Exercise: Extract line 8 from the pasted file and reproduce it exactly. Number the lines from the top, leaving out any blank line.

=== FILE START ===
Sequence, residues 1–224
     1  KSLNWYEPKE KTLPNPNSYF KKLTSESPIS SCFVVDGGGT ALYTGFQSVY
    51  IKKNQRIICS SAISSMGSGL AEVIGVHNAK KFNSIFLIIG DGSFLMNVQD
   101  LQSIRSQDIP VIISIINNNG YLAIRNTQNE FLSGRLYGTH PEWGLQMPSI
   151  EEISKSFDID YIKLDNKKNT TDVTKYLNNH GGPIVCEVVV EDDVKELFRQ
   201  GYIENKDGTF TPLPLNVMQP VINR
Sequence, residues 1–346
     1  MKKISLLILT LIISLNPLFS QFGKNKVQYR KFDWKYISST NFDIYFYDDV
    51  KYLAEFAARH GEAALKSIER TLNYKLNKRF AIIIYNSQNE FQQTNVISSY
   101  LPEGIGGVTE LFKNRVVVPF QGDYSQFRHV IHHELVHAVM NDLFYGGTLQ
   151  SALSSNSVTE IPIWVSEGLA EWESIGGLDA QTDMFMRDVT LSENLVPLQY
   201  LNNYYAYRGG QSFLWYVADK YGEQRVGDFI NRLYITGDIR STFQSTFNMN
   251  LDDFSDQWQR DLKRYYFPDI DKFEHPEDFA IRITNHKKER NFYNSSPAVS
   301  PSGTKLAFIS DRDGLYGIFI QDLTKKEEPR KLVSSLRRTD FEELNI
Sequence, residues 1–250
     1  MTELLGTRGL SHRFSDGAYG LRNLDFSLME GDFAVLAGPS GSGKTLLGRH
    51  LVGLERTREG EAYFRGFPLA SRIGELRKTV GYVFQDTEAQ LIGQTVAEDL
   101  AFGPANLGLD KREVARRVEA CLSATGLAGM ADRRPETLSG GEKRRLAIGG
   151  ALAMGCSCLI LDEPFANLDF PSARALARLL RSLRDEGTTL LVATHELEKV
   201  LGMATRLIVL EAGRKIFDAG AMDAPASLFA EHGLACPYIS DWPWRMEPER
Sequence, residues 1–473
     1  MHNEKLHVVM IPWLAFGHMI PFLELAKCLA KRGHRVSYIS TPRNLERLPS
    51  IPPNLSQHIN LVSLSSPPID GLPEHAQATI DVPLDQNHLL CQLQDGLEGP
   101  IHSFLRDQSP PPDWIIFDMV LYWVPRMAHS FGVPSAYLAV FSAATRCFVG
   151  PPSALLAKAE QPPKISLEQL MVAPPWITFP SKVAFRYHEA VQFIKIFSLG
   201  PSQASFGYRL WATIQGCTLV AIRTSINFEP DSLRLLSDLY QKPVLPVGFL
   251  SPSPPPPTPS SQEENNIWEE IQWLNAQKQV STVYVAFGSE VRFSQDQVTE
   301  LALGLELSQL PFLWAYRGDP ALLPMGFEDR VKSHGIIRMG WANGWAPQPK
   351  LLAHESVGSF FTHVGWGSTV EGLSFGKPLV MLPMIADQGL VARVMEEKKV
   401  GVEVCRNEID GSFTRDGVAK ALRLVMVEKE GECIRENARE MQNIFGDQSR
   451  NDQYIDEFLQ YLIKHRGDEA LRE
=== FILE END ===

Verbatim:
     1  MKKISLLILT LIISLNPLFS QFGKNKVQYR KFDWKYISST NFDIYFYDDV